Healthy Eyes 101

Ep. 010: The One-Eyed Surgeon With Only One Thumb and Other Stories - with John C. Barber, MD

June 18, 2020 Steven Suh, MD Episode 10
Healthy Eyes 101
Ep. 010: The One-Eyed Surgeon With Only One Thumb and Other Stories - with John C. Barber, MD
Show Notes

In this tenth episode, Dr. Suh takes a departure from his usual format to interview his ophthalmology residency director and chairman, Dr. John Barber, about the three books he has written since retirement. 

His first book, The Joy of Medical Practice: Forty Years of Interesting Patients, is about the many interesting patients he has encountered from his medical school years to his last years in practice.

In his second book, Hey, Doc! What’s Wrong with My Eye?: A General Guide to Eye Symptoms, Dr. Barber writes about common symptoms and diseases of the eye and discusses treatments.

Some common causes of red eyes include:

  • Conjunctivitis – often called pink eye, the translucent outer coating (conjunctiva) in front of the white part of the eye (sclera) becomes inflamed from viruses, bacteria, allergens, or chemicals
  • Corneal abrasion – a scratch on the outer layer of the cornea usually from trauma
  • Corneal ulcer – an infection on the cornea that can be caused by various pathogens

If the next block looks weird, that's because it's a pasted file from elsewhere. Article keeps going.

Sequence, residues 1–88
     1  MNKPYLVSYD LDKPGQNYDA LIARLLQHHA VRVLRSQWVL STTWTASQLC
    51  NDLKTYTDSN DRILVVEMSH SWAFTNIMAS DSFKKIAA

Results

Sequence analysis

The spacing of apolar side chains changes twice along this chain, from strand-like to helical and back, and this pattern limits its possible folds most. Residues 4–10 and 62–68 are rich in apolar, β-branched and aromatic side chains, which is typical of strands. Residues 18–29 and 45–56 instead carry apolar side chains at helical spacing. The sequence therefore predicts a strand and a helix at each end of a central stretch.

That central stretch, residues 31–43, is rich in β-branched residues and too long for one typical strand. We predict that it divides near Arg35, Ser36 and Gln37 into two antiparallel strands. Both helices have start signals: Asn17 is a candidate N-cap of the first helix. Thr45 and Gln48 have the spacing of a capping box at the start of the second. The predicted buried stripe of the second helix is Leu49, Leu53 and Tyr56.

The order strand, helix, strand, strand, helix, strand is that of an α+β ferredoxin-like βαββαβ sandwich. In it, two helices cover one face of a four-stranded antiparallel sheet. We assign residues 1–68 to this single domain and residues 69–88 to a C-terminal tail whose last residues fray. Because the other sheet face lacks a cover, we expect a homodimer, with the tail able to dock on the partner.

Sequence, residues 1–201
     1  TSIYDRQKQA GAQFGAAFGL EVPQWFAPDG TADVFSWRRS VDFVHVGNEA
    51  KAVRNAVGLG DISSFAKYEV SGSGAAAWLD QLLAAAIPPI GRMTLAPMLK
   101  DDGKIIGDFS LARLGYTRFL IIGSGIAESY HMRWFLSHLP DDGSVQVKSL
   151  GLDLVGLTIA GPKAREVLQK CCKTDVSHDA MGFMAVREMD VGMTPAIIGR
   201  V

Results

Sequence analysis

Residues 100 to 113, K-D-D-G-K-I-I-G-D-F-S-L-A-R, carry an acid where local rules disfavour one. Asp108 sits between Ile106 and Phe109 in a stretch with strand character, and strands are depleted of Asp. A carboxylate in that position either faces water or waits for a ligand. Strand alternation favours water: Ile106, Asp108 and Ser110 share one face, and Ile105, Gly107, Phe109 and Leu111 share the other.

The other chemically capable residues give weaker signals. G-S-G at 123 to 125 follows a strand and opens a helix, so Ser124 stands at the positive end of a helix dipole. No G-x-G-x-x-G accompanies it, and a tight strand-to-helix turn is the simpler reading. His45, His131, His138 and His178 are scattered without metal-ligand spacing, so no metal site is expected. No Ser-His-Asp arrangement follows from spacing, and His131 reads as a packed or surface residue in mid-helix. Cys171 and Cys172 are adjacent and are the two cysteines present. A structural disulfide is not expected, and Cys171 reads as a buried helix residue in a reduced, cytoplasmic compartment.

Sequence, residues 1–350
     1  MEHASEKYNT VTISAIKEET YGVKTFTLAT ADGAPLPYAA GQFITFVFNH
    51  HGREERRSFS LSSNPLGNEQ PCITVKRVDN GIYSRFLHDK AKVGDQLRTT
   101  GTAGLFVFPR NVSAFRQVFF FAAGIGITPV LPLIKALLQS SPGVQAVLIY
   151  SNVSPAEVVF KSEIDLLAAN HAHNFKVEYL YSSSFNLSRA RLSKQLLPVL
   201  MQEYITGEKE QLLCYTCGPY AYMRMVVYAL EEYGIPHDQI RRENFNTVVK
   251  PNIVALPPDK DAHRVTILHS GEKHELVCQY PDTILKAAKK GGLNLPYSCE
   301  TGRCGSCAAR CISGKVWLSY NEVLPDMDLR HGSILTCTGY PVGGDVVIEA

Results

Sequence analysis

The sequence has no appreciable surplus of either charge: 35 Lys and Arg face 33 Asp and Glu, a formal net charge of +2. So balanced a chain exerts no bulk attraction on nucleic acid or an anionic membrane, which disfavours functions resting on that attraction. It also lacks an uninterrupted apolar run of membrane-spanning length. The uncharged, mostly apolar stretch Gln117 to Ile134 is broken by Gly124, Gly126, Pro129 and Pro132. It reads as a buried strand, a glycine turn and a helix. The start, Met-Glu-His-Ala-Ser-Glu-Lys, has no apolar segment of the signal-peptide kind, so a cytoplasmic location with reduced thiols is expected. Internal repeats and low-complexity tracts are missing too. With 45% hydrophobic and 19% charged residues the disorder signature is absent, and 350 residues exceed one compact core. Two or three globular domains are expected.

• Subconjunctival hemorrhage – a bruise within the conjunctival layers that can be caused by coughing, sneezing, eye rubbing, lifting heavy things, taking blood thinners, etc.  Although it can be surprisingly red, it is almost always a benign condition.
  • Blepharitis – inflammation of the eyelids in which they become red, irritated and itchy. It usually presents with flaky scales on the eyelashes and plugged up oil glands.

 Dr. Barber’s last book is The One-Eyed Surgeon with Only One Thumb: Adventures with My Dad, Harry C. Barber, MD, FACS. He chronicles stories that his father told him as he was growing up. He recounts his life as a physician/surgeon in a small town and in Greenland during World War II.

You can find all of Dr. Barber's books on his website.

This is intended for informational and educational purposes only, and nothing in this podcast/blog is to be considered as recommending or rendering medical advice or treatment to a specific patient. Please consult your eye care specialist for proper diagnosis and treatment of any eye conditions that you may have.